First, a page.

VFlowers and poems at The Chestnuts

Walthamstow Notes

On 30th March over 320 people sang, played, walked, talked or simply listened at a series of activities in three Walthamstow locations. The day showcased what we have achieved in the second phase of the Walthamstow Notes project, focusing on local music in the later nineteenth century.

Vestry House Museum performance

In a time when all music was live, we had found out much about who wrote it, who played, sang, listened and set the agenda. We also made many discoveries about what part music played in social and political life. Most notably, we found out the crucial role music played in the constant charitable fundraising that provided everything from medicine to children’s boots at a time long before the NHS and when the benefits system consisted of the workhouse.

Children from three local schools took part in a devised musical at Vestry House Museum, and young players and composers gave a concert at the newly restored St Saviour’s Church.

The Chestnuts, a rare survivor of what were once many Georgian mansions, was once home to composer and philanthropist J F H Read – on Saturday it hosted an installation including children’s work and responses to their visits there. Read’s music provided the inspiration for work by the young composers, and the evening at St Saviour’s ended with a performance of one of his pieces for the organ.

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Hearth Fires and High Halls

Hearth Fires and High Halls

The latest production at All Hallows takes the story of Saxon London further on in time. Nearly five hundred children took part, encountering questions and characters including a monk who wants to tear down the old Roman house, not only to expand the tiny church of All Hallows but to rebuild the wooden St Paul’s Cathedral in stone; an idealistic young woman is equally determined that not only the house, but Roman rule, should be restored. Children become caught up in the story which is told in music and poetry of the time as well as dialogue.

After Aphra and The Widow Ranter

Will Birch in After Aphra

“After Aphra” is a new look at the story of Aphra Behn and her final play, “The Widow Ranter”. We wrote and staged it in two locations in 2018 – the Hen and Chickens Theatre in Islington and, thanks to the generosity of the Company of Watermen and LIghtermen, the wonderful surroundings of their 1700 Court Room.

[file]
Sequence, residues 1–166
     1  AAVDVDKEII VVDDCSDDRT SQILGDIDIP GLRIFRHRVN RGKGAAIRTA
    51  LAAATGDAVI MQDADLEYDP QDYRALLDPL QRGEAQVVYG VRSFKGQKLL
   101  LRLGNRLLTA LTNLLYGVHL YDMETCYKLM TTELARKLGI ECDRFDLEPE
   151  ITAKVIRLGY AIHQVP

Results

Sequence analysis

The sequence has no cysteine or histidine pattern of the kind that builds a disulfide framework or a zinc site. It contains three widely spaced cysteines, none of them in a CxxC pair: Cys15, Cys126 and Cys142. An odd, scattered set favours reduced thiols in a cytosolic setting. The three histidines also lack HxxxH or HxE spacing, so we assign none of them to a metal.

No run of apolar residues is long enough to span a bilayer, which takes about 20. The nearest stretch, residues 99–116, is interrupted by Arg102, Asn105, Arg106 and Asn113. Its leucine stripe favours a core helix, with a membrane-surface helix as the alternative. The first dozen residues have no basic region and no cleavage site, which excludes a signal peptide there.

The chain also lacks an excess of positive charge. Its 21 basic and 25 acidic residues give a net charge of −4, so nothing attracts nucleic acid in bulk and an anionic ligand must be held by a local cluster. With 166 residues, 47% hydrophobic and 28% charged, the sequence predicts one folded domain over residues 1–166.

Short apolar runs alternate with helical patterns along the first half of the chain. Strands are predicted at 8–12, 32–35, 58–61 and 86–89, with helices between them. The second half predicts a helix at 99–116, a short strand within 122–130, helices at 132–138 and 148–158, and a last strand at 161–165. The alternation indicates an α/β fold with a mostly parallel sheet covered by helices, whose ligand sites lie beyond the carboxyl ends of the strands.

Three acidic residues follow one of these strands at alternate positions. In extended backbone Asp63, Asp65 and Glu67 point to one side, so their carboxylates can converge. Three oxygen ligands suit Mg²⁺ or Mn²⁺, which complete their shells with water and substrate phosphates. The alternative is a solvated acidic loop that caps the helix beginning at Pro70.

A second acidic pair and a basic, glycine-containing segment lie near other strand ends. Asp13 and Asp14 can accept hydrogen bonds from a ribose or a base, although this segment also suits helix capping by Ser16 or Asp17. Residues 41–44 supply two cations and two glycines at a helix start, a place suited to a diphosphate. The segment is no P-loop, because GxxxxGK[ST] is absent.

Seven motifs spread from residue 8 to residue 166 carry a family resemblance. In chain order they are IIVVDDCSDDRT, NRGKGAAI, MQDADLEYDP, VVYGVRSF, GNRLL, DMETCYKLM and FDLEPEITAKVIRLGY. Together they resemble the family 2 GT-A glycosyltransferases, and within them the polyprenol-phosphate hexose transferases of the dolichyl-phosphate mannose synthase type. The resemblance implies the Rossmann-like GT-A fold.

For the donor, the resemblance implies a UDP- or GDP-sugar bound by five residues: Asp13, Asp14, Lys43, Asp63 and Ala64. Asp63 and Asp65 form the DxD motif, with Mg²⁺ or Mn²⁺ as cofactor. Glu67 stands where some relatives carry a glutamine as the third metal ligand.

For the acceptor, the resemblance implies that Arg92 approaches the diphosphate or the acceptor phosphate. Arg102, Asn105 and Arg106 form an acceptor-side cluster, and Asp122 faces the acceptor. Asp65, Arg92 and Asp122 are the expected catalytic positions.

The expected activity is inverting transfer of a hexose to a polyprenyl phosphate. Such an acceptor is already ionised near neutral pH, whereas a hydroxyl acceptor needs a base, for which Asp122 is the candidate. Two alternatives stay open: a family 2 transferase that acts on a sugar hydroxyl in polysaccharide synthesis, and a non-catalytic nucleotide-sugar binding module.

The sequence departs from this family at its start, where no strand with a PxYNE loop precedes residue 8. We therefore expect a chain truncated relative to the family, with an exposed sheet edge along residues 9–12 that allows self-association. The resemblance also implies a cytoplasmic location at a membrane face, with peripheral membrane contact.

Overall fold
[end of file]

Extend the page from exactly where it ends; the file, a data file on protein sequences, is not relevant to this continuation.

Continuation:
The play is set as “The Widow Ranter” is staged for its first and only run in the aftermath of its author’s death, and looks at Behn’s own life story as well as incorporating sections of the play and its music, using an actor and a musician of the day as two of the three characters, while the third, a former indentured servant who has returned to London with the fortune he made in Virginia, is based on the stories of real people of the time.

We plan to revisit “After Aphra” next year as well as working towards a full production of “The Widow Ranter” to tie in with the 350th anniversary in 2021 of the staging of Aphra Behn’s first play.

Ultima Britannia

Continuing City: Arts in Education at All Hallows by the Tower

All Hallows by the Tower has been part of the City of London landscape for thirteen hundred years, and people have lived and worked there for far longer. Clio’s Company and the community of All Hallows have been working together since 2001 on a series of arts in education projects, some also involving the Company of Watermen and Lightermen. In the current series, we use a combination of known historical and imagined but possible events to stage a series of site-specific plays and complementary workshops for primary school children to bring to life the rich and complex history of the church in its context.

In November 2018 London primary school children took part in “Ultima Britannia”, a project focusing on London 2,000 years ago when it was a raw, new, dangerous town on the edge of the known world and All Hallows was a building site where a Roman villa was being constructed.


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For further information on any of these projects and events, please contact us by email.